While there is a wall coming for reducing feature sizes .25nm isn't the way they name the node size wall. 22nm processes are coming online very soon. Additional cost savings can come by increasing wafer diameters or creating larger factories or more factories it doesn't have to be all about new process dimensions.

While we are on the topic of predicting the future lets talk unit share.

Right now there is a price premium on SSDs due to scarcity. If you could somehow make every hard drive on the planet disappear instantly there wouldn't be enough SSDs to replace them.

Flat out, not enough SSDs on the planet to replace all the hard drives on the planet.

Until that fact changes there will be a price premium on SSDs. Now in the enterprise space there are uses where one SSD can replace 10 hard drives. So we don't have to have 1 SSD for every hard drive. At home you may need 1 SSD to replace two hard drives if you are the type to do RAID 0 with a couple of raptors. The vast majority of the world though will need 1 SSD for every hard drive replaced as they don't use more than one hard drive in their Desktop, laptop, or other device.

So lets say on the grand scale we need 1 SSD for every 1.5 hard drives we want to retire.

2010 unit shipment forecast for hard drives is 674.6 million drives (up over 20% from 2009 if the estimate is accurate). The first number I found for SSDs says 11 million drives in 2009 (with expectations of 90% growth in units).

As SSD supplies increase their price premium will drop. Eventually the units shipped for hard drives will decrease instead of increase. Eventually SSDs will see growth rates higher than 100% year over year as a massive transition occurs. But for now lets imagine what it's like if HD units decline by 10% a year while SSD units double per year. Where does that line cross? It takes about 6 years at that rate. How about if HD units drop by 10% a year while SSD rates triple each year, in that scenario it takes about 3 years to even up on the per year unit rate.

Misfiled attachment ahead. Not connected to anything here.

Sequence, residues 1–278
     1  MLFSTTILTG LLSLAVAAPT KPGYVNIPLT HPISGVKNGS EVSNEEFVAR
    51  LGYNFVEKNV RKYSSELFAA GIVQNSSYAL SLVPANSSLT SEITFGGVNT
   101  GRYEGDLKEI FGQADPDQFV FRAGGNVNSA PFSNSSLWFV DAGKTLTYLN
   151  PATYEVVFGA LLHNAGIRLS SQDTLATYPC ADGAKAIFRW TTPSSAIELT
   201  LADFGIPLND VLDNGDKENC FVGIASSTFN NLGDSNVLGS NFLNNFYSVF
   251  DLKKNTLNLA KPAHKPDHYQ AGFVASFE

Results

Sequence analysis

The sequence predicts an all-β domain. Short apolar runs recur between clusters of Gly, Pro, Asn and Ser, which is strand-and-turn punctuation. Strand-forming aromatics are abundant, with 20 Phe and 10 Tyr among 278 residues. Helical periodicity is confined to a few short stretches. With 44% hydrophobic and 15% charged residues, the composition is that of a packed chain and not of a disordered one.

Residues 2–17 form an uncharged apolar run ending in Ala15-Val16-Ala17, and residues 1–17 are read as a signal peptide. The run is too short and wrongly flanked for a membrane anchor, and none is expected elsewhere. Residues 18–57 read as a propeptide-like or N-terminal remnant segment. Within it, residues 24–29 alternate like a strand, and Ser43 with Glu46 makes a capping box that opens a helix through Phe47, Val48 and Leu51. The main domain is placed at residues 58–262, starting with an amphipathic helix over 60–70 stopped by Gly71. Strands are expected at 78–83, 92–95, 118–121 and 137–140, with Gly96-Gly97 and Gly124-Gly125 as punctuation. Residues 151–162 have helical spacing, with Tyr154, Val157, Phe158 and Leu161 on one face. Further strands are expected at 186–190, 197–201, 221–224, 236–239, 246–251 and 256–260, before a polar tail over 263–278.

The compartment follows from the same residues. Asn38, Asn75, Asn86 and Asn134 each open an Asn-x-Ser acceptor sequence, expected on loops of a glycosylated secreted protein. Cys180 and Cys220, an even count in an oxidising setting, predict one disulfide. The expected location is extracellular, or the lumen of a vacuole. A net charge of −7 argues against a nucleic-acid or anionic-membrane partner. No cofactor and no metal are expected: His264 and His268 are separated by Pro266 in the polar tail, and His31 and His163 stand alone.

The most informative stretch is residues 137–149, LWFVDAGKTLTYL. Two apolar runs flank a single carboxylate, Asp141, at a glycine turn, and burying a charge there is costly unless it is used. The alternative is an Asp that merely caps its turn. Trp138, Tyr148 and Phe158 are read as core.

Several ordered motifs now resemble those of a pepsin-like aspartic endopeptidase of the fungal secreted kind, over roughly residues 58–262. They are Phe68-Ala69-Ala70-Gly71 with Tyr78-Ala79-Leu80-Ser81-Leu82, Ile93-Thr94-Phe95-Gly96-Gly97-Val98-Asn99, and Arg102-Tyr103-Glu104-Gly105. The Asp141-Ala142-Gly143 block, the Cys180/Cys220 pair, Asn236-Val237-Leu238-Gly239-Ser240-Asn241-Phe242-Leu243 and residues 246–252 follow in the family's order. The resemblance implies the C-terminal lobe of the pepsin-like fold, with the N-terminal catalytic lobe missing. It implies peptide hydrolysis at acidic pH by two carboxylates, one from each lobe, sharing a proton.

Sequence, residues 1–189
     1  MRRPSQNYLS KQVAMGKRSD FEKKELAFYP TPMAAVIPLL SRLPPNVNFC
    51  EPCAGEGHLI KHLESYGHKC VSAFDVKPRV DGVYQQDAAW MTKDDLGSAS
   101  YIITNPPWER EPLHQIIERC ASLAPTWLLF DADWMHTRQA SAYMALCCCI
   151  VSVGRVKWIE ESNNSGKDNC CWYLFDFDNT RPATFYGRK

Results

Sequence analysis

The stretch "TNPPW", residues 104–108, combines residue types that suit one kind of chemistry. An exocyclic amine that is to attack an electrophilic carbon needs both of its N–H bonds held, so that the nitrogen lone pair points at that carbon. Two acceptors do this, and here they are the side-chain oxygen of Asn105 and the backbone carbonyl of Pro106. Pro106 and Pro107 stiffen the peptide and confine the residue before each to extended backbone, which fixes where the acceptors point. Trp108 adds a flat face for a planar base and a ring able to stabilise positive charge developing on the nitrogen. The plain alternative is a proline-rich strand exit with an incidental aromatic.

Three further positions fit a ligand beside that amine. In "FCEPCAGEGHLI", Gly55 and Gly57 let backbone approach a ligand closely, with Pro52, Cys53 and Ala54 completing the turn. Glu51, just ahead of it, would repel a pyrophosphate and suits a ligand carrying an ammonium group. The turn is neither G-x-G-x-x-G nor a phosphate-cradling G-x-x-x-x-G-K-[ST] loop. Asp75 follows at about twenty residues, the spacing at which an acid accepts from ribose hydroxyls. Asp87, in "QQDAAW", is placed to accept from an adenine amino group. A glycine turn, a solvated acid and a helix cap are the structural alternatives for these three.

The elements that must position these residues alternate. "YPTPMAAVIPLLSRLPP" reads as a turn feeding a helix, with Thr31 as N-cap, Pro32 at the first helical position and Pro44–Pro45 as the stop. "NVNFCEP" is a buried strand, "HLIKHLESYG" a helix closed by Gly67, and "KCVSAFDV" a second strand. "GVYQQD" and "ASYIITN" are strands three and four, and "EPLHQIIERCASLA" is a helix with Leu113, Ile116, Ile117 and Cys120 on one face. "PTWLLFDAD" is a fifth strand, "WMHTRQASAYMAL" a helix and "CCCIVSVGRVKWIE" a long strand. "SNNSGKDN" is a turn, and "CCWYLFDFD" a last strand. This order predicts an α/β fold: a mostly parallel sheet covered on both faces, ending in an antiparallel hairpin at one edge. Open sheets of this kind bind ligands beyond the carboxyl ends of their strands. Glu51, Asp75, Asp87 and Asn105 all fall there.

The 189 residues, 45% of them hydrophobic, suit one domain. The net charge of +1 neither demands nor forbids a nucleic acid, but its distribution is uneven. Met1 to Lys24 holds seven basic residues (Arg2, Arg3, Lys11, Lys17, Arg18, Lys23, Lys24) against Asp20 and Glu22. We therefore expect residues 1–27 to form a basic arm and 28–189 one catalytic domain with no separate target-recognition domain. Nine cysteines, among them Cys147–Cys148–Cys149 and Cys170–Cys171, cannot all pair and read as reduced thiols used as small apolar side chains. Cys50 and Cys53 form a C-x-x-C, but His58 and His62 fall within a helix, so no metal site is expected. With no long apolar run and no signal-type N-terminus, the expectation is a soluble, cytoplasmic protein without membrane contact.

Articles like http://www.fabtech.org/editor_s_blog/_a/wheres_the_fab_capacity_needed_in_2010/ discuss a shortage of wafers in the industry which will artificially constrain SSD growth rates until 2011 and I am no soothsayer. I don't know how quickly SSDs will ramp. I do expect them to eat into HDs in the near future and I do expect when they become reasonably priced people will stop backing up to hard drives and instead backup to SSD.

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My company currently backs up to LTO3 and has significant shoe shining occurring. I'll be switching to LTO4 very soon and will be testing turning off compression to reduce shoe shining.